What It's Really Like to Be a Woman in Silicon Valley
Written by Mandy Shold
Right out of college, I started my career in San Francisco. Actually, I moved to the city a couple of weeks before graduating. I was excited! I had this big dream to start a big job in the big city. And San Francisco? Well, I was already smitten. I thought I had it all figured out—and I still maintain that my vision of San Francisco was pretty damn accurate.
I mean, sure, there were a few things I had wrong. For starters, nobody calls it “San Fran” (lesson learned). Contrary to most Instagram accounts, people don’t just picnic beside the Golden Gate Bridge every weekend. “Full House” was not actually filmed in one of the Painted Ladies, and no one—I repeat, no one—hangs out at Pier 39.
But San Francisco was everything I wanted it to be: this beautiful juxtaposition of pastel Victorian houses and bustling tech metropolis, of cable cars and autonomous vehicles. But for a city with a history of inclusivity, the last five years in San Francisco has been riddled with diversity and inclusion headlines, lawsuits and a feminist movement unrivaled by any other city in the nation.
I’m here to tell you a little more about the real San Francisco. And, more importantly, I’m here to tell you what it’s really like to be a woman in Silicon Valley.
Silicon Valley plays host to some pretty shiny technology companies. We’ve got Facebook and Google, Tesla and Twitter, and we now even sport a phallic tribute to Salesforce, piercing the San Francisco skyline. We are the home of Uber and Airbnb, of LinkedIn and Yelp.
Somewhere along the way, in its quest toward innovation, San Francisco lost sight of itself. In an effort to bring in new talent and build an unparalleled infrastructure, San Francisco forced out longtime residents and paved the way for startup culture. The most unsettling oversight is the forgotten women of the city: all the babes in the bay—just like me.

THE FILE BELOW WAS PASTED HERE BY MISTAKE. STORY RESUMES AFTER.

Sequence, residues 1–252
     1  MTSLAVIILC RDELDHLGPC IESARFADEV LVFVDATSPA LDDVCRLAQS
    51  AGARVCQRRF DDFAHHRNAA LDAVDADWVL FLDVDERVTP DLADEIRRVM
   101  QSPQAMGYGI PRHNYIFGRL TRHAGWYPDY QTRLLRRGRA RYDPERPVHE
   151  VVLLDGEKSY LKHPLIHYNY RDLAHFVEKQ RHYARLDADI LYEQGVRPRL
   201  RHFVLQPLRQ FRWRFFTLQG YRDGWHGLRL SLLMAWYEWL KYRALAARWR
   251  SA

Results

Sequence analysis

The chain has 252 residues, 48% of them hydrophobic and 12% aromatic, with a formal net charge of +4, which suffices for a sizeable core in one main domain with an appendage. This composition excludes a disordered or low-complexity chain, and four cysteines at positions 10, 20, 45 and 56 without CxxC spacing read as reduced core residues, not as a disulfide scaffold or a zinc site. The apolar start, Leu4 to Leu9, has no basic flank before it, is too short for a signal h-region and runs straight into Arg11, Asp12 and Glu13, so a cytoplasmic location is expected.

Here’s an overview of Silicon Valley by the numbers, as it pertains to women:
Fact: Women only own 5 percent of startups.
Fact: Only 7 percent of partners at the top 100 venture capital firms are women.
Fact: Women only hold 11 percent of executive positions in Silicon Valley.
Fact: Women under the age of 25 earn, on average, 29 percent less than their male counterparts.
Fact: In 1991, women held 36 percent of computing jobs. They now hold only 25 percent.
That being said, my experience being a woman in Silicon Valley isn’t strictly composed of numbers. (Thank goodness, because those numbers are bleak.) There’s a lot I’m madly in love with in San Francisco—it’s arguably my greatest love affair to date. No, it’s not the skyline or the bridge that I fell for; it’s the people. It’s that, at my hair salon, everyone sports a handlebar mustache and somewhere between two and 20 tattoos. It’s that two blocks down at my favorite bar, there’s a regular who wears a different sequin suit every day. It’s the fact that as I write this, I’m sitting in a café drinking coffee while toting a red lip and a Bringing Feminism Back T-shirt, and not a single person is bothered by my mission.
I have never found a city more generous, more kind and more inclusive than San Francisco. Nowadays, you hear about Silicon Valley and the diversity problem here because of an unprecedented move Google made a few years ago, when they released data on the number of women and minorities they employed. Then, other Bay Area companies followed: LinkedIn, Yahoo, Facebook, Twitter, Pinterest, Apple—the list goes on and on. The numbers weren’t good. (And neither was the news coverage that followed.) But as they were all forced to face the realities of their inequality, they all committed to improving.
In the years that followed, we’ve seen San Francisco companies spend hundreds of millions of dollars in efforts to change their work climates, refine the makeup of their leadership and update their hiring practices. And, more importantly, we’ve seen the numbers shift. Little by little, we are pushing towards equity.
The women here are defined by so much more than our gender. Where once women felt pressured to pursue certain career opportunities or settle for a more “feminine” path, here is an entire city devoted to pursuing not equal opportunity, but all opportunities equally.
Here’s one last number for you: Last year, 74 percent of young girls expressed interest in pursuing STEM-related activities. A whopping 74 percent. That’s unprecedented. That’s unexpected.
That, readers, is inspiring.
Mandy spends her days working in public relations, specializing in sustainability and corporate responsibility - a job which not only fuels her soul but also pays her San Francisco rent. She spends her (virtually nonexistent) free time exploring the Bay Area craft beer scene, working on her rock collection and wishing her cat would be the big spoon sometimes. For additional sass and details of her life held together by caffeine and dry shampoo, follow her on Twitter at @WayToRepresent.